Outsourcing for financial impact


A response to cash savings from outsourcing IT

On a plane to San Diego, I had the good fortune of my laptop battery dying after its standard 30 minutes of life and opened the May issue of Inc magazine.

Three of the first six articles were directly related to managing small companies in a downturn—cash management, hiring freezes, outsourcing your IT. Lovely times. The article on IT outsourcing touted the cash savings of using outsourced email and IT support vendors, as well as hosted software and phone systems. In reading the article, two things jumped out at me—1) is this stuff really news to the people running small businesses?, and 2) the cost savings were unimpressive.

Outsourcing is not just for big companies.

Because of the nature of our business, I am keenly aware of any opportunity to unload our own non-core functions on an outside vendor. We outsource our phone system management, IT support, email, payroll/benefits and HR administration and most of our technology development. If we can leverage someone else’s resources in a way that allows us to stay focused on our core areas of expertise, count me in. Not surprisingly, this is what we pitch to our clients. What I realized in reading the article is that small companies are aware of outsourcing and its benefits, but they may not be aware of the delivery models that make it cost-effective for the SME market. The evolution of VOIP technology and cheaper broadband costs make phone solutions like hosted PBX a great option for small companies. Software platforms and hosted exchange businesses developed over the last few years allow small IT outsourcing companies to support small growth companies like ours. One of the common objections we face in our prospect meetings is a concern of our ability to deliver recruiting services if we are not on site every day, and it takes some education to explain that our delivery model and technology are new and enable a delivery platform that wasn’t available 5 years ago. Most of the RPO providers are focused on volume hiring deals with the Fortune 500, so we are somewhat unique in that we focus on small and mid-sized companies.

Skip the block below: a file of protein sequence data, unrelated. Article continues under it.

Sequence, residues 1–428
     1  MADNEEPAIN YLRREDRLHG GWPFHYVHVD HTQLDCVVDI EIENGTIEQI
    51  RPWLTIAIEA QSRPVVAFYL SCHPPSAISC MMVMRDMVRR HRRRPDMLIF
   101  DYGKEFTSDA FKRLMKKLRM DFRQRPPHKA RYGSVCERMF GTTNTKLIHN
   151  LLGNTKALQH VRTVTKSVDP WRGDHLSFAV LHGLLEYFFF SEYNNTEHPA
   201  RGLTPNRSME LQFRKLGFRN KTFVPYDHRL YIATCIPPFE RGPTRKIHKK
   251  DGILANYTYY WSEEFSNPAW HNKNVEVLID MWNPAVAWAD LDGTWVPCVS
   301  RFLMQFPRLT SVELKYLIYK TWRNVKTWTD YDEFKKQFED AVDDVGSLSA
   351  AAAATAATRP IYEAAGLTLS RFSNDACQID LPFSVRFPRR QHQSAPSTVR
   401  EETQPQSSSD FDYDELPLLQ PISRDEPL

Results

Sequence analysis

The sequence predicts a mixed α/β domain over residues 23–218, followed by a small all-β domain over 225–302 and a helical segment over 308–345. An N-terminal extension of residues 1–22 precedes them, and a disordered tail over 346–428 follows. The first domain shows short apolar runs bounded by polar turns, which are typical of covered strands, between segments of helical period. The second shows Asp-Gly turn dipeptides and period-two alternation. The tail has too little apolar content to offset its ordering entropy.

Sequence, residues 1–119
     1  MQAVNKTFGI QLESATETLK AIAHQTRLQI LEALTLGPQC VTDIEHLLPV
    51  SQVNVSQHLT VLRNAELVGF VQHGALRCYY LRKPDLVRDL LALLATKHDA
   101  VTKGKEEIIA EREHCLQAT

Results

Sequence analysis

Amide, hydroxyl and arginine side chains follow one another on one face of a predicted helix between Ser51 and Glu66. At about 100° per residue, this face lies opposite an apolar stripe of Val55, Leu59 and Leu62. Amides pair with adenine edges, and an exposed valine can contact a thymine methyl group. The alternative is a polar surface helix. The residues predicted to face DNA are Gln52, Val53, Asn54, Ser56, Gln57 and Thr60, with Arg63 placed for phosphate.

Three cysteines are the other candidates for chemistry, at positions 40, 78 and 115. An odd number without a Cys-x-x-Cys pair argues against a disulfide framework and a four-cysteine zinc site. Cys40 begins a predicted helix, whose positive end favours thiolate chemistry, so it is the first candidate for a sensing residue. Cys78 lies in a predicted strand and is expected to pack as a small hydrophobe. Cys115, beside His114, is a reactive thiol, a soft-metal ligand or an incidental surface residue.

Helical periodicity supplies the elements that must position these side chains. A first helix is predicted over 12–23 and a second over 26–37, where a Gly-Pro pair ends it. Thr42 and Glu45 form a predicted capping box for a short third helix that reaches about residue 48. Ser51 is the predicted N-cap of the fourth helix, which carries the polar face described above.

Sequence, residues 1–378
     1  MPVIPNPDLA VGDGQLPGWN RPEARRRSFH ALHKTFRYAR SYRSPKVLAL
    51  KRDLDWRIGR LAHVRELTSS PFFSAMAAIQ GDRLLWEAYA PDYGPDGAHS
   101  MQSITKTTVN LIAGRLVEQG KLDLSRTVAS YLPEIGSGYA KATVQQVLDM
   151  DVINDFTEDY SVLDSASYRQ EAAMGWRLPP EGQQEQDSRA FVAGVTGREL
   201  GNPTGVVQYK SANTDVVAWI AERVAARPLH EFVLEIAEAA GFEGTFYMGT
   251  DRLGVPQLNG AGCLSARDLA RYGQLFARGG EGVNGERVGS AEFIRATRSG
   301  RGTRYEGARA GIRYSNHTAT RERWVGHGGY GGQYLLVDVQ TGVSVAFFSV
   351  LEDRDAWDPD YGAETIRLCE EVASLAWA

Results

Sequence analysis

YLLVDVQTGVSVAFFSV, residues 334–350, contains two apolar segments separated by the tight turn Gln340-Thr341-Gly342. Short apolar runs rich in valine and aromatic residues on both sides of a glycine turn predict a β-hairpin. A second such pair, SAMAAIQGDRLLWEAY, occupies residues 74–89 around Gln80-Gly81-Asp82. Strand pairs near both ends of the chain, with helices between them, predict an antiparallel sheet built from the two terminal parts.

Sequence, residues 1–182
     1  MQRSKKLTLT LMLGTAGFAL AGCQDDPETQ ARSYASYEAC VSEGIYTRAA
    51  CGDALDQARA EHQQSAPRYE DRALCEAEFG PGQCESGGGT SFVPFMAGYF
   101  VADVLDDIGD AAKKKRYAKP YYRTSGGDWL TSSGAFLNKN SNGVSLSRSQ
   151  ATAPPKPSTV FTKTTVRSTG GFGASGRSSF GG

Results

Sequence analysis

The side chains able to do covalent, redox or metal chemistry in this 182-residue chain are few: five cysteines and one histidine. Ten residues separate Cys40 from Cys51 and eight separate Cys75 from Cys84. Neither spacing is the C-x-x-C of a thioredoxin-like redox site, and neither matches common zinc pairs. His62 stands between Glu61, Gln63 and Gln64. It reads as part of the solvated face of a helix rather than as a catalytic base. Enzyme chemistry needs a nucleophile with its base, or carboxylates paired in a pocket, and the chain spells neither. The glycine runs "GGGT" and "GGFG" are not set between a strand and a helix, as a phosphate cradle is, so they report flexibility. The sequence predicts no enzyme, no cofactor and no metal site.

Outsourcing recruiting will make a more significant financial impact.

As I read the article, it highlighted an 80-employee company that saved $30,000 by outsourcing its IT function. It’s a sizable number, but a fraction of what a company can save by outsourcing other functions. An 80 person company that is hiring 20 people per year (new and replacement) will spend about 14.9% of the compensation hired, according to Staffing.org’s 2007 survey. This $240,000 outlay consists of recruiter salaries, contractors, job postings, recruiting technologies, occasional agency use, etc—the full costs to deliver the hired candidates. Based on the costs our clients typically see (7-9% of compensation hired), Accolo could save them $100,000+ per year—3x the savings of IT outsourcing. While either number is significant, the hard dollar costs only explain a portion of the total cost. The distraction from your core business is a soft savings of any outsourcing initiative, IT, recruiting or other. There’s also a cost of doing it yourself and doing it poorly. We all know the business impact when your laptop melts down and takes 3 days to fix (always the night before the Board meeting). But what is the cost to your company of a sales seat or key engineering position being open?


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